Tuesday, October 14, 2008


When I'm feeling a bit down or overwhelmed I tend to resort to watching one of my comfort movies. Three films, that I've long consider as some of my favorites, consistently rise to the top whenever I am away from California. The movies have little in common plot wise but all were filmed in San Francisco and/or the Bay Area. Location may in ways be irrelevant to how much I enjoy the film as a whole (and the plot) but I can not deny that having glimpses of places which hold memories for me adds something extra to the whole cinematic experience.

The first film I'll blog about is one from a director that I've immensely enjoyed ever since I can recall. Frequently I use the blanket phrase "I hate horror movies" but its less that I dislike being scared and more I don't particularly enjoy seeing body parts fly around in a realistic fashion. That tends to send my already overactive imagination into overdrive long after the movie experience is over. I love a classy psychological thriller and many of the films directed by Alfred Hitchcock fit that bill.

By todays standards, the "chills" in many of his films seem quaint and I'll even admit that I'm not the biggest fan of when he went all out in Psycho or The Birds.

Shadow of a Doubt was the first film that gave me a good scare. The heroine realizes that her beloved uncle is really a serial killer and will anyone listen to her? No! At the tender age of six I was both frightened and riveted by her plight to escape the clutches of both the killer and make everyone else realize who Uncle Charlie really is. Needless to say this is 1943 and you won't see body parts flying. Just a clever use of sounds, lighting, and purpose to send your mind reeling.

Not all of Hitchcock's films involved blatant killers. An often reoccurring theme seems to be the poor hapless fellow who ends up over his head due to a situation that found him. Classics like Rear Window and North by Northwest tends to follow this general scheme, as does my favorite Hitchcock film Vertigo.

I will forever be dumbfounded to know that Vertigo was not very successful at the box office when it was first released in 1958. It stars James Stewart and the gorgeous Kim Novak, it's filmed in beautiful San Francisco (and some surrounding locations) and the story is absolutely mesmerizing! Even after you've already seen it and the initial twists are no longer surprising, I think its still plays as a very romantic film!

In a sort of twisted way....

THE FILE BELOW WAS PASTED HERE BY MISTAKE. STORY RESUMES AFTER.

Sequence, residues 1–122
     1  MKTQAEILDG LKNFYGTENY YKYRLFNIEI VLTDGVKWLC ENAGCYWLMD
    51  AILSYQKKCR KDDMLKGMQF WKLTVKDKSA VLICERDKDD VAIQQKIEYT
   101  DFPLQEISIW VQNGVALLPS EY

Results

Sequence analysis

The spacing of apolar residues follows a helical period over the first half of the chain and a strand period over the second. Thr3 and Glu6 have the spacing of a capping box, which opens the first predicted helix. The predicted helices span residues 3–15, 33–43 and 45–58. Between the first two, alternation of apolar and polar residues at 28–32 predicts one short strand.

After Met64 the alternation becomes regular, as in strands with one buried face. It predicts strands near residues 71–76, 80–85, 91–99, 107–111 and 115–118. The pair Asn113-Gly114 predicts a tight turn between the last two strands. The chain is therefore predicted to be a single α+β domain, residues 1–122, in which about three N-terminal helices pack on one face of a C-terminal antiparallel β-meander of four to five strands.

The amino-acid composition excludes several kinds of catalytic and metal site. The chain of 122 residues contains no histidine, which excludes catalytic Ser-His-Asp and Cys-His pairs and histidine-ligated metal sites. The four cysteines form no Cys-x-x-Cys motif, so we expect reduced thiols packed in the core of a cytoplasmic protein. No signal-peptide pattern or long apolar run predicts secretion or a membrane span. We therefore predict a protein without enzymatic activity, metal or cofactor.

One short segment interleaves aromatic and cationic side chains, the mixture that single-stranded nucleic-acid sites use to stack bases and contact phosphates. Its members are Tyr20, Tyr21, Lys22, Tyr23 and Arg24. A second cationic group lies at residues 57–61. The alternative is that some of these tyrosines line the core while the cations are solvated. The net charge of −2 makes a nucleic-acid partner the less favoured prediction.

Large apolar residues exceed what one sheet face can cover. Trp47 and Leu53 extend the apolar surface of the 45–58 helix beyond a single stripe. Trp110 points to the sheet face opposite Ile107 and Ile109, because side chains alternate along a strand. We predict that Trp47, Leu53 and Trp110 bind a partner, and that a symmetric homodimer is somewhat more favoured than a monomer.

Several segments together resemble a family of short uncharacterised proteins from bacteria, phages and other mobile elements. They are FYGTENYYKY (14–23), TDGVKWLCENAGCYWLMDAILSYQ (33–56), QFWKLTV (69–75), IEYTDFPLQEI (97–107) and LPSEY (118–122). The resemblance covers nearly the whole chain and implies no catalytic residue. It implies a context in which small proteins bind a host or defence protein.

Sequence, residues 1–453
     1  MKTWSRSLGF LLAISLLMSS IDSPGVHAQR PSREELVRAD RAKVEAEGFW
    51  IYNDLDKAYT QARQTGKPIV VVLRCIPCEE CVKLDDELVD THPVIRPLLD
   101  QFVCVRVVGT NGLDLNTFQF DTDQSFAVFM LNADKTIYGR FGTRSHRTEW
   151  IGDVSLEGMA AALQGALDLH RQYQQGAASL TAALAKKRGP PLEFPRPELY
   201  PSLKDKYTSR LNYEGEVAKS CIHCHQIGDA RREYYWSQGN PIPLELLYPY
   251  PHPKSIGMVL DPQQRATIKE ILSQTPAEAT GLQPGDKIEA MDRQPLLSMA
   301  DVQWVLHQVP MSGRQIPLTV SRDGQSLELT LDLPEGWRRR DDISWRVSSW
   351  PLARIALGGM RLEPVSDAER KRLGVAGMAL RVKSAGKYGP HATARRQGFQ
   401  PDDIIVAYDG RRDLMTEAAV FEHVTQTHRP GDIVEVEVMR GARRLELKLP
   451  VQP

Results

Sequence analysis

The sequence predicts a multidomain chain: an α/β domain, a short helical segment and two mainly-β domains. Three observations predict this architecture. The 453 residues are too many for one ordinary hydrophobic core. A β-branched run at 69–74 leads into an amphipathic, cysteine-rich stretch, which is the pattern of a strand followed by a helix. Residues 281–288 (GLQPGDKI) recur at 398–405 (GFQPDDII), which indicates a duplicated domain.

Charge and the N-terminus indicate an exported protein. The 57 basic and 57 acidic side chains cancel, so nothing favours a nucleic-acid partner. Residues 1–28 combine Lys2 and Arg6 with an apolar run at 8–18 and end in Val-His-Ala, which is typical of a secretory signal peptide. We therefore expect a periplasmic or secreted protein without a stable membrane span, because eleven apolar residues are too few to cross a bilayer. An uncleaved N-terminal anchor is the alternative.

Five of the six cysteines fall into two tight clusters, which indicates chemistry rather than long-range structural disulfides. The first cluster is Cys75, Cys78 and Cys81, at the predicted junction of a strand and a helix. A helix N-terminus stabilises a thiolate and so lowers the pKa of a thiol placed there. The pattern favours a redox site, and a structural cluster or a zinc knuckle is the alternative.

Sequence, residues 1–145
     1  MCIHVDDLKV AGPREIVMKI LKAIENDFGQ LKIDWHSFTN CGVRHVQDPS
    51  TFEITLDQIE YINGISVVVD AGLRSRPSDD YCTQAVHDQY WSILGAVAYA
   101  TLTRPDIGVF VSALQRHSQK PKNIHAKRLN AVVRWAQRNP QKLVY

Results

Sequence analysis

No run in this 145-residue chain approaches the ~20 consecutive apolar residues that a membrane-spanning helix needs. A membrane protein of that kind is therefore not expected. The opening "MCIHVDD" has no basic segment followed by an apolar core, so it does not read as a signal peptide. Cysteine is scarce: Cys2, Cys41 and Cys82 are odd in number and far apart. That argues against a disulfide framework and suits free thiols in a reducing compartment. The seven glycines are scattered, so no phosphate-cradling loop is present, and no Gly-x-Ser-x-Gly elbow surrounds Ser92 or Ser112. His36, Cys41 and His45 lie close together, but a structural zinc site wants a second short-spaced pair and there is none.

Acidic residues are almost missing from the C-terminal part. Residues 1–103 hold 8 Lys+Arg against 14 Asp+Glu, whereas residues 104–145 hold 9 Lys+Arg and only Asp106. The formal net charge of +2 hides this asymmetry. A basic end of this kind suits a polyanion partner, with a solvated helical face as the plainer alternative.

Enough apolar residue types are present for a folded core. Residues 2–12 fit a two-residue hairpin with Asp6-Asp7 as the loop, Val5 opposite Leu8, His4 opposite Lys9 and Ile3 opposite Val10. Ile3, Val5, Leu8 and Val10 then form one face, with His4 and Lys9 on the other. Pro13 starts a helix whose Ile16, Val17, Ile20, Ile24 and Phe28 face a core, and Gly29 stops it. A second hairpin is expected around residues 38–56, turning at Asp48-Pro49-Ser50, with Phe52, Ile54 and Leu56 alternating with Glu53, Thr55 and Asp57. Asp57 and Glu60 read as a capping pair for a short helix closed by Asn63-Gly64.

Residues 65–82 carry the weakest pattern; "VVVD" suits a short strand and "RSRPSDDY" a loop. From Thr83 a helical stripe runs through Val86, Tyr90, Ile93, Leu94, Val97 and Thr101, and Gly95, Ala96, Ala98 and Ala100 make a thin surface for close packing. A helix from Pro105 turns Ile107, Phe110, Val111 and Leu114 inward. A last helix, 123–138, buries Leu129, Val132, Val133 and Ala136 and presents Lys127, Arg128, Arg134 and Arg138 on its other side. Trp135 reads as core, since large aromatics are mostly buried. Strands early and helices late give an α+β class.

The first time I saw "Vertigo" I was a bit young (7-ish) and subsequently could not completely follow the plot... but boy did I think Madeline (Kim Novak) was pretty.

and that suit!
I'd do horrible things to people for a suit like that...
(in a Hitchcockian fashion, of course)

Every time I watch Vertigo my heartbreaks for Scotty (James Stewart) and his illfated romance with Madeline... but in recent years a small part of me gets peeved that while Scotty is preoccupied running after the tragic Hitchcockian goddess. Who comes in and tries to set his mess of a life right? Good 'ole Midge.

Both to the audience and Scotty the girl pretty much stays on the back burner. She rushes in when her sensible nature is needed just to be overshadowed the next instant by the supernova that is Madeline.

Midge (Barbara Bel Geddesis) is the antithesis to Madeline. Of course she's not gonna grab Scotty's attention by floundering around in a puddle like a damsel in distress. The girls got a career, a level head and better things to do than spend hours getting dolled up or getting into trouble.

She's adorable, quirky and totally overlooked.

Beautiful, tragic, unattainable, as a little girl I loved the idea of the Hitchcock blond. It was almost as if she was an anti-heroine in a world filled with anti-heros. To this day I'd love to be siren in the vein of Madeline but as I get older the more I realize I'm destined to be a girl just like Midge. Every time I watch Vertigo I begin to see Midge as slightly cooler and hope that post-film she gave Scotty a swift kick in the ass for being such a jerk.

What about Midge you dofus??!!

(screencaps taken from screenmusings.org)

1 comment:

Missa said...

I have similar feelings on horror films and I love Vertigo, it's definitely my favorite Hitchcock film too.